Minority shareholders accuse Taro of manipulating financials
IsZo Capital claims that Taro understated its profit in advance of the vote on Sun Pharma's ofer to purchase.
Taro is a generic drug company which specializes in dermatological ointments, tablets, and injections, and other medical products. It posted a net profit of $65.4 million for the third quarter, 10.9% more than for the corresponding quarter of 2011. Revenue rose 16.4% to $161 million.
Last week, IsZo Capital Management LP, an investment fund that is a minority shareholder in the company, sent a letter to Taro's board of directors, in which it claimed that Taro had intentionally understated its net profit in its quarterly financial reports by artificially increasing its reserves related to product returns.
"Taro and Sun delivered such evidence with the reported third quarter financial results; results suspiciously inconsistent with readily available commercial sources of Taro's prescription and sales data," IsZo Capital managing partner Brian Sheehy wrote in a letter to Taro shareholders. He added, "Taro is gaming its reserves for returned products and similar items to artificially deflate net sales data, conveniently, just a month prior to the December 6th special shareholder meeting to vote upon the proposed Sun merger." He went on to say, "Given that Taro management's six-month 2012 forecast will be between 68% and most likely 100% too low, we don't believe that the special committee and Citigroup can rely on management's projections."
On Thursday, Taro dismissed IsZo Capital's claims out of hand. "Our management team’s primary focus continues to be on Taro’s core business, the performance of which speaks for itself," states Taro interim CEO Jim Kedrowski in a letter to Sheehy. He adds that the allegation that Taro was gaming its reserves "is simply untrue and your comment is, at a minimum, irresponsible to your fellow Taro shareholders."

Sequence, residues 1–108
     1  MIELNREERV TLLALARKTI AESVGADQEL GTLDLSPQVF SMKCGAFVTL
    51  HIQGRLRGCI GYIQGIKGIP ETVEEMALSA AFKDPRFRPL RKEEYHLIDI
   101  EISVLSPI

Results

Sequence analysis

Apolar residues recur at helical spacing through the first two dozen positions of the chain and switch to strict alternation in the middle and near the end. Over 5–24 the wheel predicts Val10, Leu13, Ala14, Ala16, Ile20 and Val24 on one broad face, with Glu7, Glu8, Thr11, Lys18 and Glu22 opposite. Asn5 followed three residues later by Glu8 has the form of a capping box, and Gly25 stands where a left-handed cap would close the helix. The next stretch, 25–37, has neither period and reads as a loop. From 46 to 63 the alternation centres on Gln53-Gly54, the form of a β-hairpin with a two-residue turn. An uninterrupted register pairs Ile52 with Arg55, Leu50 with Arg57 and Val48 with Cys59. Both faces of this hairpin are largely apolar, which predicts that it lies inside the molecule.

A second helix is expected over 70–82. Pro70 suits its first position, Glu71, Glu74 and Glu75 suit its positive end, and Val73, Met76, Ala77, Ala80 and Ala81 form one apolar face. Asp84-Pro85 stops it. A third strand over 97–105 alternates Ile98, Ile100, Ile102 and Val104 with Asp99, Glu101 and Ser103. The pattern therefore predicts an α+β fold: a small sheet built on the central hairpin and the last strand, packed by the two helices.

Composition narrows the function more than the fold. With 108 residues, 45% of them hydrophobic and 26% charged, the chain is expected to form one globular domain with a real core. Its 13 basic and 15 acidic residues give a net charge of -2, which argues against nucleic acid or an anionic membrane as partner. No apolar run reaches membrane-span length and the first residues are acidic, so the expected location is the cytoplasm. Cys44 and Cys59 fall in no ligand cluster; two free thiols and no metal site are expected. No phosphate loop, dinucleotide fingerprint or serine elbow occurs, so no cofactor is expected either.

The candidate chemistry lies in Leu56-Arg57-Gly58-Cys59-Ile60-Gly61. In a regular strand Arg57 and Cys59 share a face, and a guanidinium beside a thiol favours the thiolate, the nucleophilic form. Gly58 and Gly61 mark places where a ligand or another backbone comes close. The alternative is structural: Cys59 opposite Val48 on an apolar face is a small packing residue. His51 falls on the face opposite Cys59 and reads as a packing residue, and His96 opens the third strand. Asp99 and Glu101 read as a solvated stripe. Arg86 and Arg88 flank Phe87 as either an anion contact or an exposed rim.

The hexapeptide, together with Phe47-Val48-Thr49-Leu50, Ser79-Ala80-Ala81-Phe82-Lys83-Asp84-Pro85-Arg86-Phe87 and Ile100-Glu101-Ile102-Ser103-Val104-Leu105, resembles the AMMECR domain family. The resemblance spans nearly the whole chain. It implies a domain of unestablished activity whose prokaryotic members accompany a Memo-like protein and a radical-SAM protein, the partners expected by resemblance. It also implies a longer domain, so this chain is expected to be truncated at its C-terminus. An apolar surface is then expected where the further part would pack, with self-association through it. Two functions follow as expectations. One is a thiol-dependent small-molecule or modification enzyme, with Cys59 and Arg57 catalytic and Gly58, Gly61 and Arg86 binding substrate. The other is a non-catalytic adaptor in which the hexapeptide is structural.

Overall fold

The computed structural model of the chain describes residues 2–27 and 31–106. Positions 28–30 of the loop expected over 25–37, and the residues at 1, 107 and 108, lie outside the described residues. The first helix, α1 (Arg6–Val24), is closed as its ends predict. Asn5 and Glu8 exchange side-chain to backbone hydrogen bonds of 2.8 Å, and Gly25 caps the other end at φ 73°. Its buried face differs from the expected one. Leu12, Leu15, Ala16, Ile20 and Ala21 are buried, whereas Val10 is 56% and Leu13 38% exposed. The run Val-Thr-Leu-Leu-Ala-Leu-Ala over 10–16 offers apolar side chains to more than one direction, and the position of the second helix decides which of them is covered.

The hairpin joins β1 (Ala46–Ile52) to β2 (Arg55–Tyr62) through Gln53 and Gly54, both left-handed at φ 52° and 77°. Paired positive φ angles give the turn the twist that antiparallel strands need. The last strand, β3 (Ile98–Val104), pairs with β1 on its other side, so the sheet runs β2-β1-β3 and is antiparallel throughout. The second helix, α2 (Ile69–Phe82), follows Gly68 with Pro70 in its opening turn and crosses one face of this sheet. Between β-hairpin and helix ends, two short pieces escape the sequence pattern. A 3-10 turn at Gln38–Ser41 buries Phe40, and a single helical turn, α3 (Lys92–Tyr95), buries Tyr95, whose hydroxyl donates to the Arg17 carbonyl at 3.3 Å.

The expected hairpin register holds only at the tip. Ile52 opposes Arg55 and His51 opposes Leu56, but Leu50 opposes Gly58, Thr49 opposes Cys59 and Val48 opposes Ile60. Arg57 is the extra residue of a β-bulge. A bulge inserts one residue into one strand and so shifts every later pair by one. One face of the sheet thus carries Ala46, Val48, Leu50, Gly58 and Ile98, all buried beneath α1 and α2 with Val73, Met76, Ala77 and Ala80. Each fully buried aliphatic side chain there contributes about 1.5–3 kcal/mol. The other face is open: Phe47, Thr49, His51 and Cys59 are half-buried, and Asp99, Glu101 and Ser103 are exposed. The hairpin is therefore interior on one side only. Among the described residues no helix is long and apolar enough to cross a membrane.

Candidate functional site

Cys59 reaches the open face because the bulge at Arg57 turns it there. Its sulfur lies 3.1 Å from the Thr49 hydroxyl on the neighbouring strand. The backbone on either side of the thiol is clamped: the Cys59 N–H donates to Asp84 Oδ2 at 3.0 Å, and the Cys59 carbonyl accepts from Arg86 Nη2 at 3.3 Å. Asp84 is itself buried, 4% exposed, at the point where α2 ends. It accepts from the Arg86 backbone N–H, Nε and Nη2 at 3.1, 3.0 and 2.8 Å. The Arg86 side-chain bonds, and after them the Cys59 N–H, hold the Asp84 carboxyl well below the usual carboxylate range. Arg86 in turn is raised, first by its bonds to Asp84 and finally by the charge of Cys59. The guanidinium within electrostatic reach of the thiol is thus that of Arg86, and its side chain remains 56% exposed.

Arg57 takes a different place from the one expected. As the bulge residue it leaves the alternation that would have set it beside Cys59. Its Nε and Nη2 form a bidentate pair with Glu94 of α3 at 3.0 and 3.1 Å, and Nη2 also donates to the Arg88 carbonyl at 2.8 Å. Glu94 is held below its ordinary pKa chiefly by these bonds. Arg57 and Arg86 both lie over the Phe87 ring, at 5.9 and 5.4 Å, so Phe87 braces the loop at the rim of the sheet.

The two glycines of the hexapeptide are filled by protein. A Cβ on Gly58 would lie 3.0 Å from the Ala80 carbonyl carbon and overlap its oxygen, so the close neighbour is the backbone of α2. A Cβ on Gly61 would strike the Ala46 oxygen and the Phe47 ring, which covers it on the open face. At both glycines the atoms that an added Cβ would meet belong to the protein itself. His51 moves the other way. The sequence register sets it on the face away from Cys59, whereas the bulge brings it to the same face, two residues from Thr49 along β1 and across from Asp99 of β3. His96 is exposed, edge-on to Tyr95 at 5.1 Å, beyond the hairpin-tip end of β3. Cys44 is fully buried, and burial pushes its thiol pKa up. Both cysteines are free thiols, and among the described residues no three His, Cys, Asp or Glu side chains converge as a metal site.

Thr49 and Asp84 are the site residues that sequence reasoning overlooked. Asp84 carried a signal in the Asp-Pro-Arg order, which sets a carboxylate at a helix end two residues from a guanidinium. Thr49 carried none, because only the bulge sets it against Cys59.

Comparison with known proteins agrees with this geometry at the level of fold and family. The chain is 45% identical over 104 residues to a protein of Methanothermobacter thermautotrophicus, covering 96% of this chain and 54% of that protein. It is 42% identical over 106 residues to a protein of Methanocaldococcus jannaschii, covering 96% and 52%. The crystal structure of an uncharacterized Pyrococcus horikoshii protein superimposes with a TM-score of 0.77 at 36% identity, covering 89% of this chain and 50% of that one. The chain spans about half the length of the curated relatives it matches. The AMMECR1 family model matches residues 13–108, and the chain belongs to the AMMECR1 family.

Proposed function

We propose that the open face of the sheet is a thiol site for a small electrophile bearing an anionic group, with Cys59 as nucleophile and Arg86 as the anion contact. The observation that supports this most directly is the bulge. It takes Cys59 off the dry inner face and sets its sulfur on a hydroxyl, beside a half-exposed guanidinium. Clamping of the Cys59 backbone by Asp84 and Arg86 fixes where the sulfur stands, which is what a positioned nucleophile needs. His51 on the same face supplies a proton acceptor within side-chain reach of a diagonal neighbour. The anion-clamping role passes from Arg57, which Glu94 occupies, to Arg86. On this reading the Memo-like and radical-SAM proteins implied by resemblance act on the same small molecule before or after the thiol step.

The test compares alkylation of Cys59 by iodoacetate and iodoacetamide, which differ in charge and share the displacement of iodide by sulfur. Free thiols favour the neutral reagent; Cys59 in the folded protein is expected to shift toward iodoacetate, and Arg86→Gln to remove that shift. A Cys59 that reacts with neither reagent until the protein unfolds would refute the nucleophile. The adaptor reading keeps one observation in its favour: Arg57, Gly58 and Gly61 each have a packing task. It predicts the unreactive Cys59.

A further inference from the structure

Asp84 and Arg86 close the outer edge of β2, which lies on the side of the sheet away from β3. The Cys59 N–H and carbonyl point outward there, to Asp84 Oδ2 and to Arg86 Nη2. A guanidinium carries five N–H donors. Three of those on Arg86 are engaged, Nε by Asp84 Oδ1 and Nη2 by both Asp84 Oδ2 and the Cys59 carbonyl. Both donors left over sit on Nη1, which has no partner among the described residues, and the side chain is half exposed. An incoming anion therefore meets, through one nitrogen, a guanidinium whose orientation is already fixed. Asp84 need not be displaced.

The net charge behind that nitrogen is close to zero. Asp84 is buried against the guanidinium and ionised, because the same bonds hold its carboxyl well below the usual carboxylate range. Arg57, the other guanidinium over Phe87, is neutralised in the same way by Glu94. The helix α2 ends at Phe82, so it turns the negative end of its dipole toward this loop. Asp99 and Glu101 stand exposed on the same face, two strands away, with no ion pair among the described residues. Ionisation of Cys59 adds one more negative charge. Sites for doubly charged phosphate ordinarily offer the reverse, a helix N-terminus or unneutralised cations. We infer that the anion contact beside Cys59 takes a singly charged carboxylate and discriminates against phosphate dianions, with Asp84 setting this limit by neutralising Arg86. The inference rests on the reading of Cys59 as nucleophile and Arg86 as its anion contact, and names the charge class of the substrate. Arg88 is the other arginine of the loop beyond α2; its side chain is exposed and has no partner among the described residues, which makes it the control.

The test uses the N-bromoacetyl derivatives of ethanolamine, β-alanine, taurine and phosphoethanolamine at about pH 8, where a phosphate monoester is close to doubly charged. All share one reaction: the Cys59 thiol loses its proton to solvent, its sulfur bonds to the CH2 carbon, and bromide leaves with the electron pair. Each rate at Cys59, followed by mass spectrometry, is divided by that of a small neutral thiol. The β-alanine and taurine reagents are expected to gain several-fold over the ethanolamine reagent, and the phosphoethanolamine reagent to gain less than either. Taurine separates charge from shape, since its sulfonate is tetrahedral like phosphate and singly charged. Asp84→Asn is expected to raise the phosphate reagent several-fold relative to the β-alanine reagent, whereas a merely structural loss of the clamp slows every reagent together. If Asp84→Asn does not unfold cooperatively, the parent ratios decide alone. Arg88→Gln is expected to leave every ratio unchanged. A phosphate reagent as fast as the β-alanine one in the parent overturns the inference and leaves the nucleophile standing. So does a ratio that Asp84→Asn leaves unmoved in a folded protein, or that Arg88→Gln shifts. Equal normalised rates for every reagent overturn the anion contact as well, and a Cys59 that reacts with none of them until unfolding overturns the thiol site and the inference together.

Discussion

Taro's response failed to persuade another minority shareholder, Grand Slam Capital Master Fund Ltd., which filed a lawsuit with the US Federal Court for the Southern District of New York on Friday. Grand Slam, which owns 55,000 Taro shares (worth $2.6 million), claims that Taro and its managers and directors have violated US Securities and Exchange Act and US Securities and Exchange Commission (SEC) rules.
Grand Slam claims that Taro's financial adviser Citigroup Global Markets Inc. incorrectly relied on the materially false and misleading projections from Taro and therefore its recommendation to vote in favor of Sun's acquisition offer is "wholly meaningless". Grand Slam claims that the summons to the general shareholders meeting includes misstatements and that the "defendants have breached their fiduciary duties by, among other things, failing to act in the interest of the company's public stockholders."
Published by Globes [online], Israel business news - www.globes-online.com - on November 12, 2012
© Copyright of Globes Publisher Itonut (1983) Ltd. 2012
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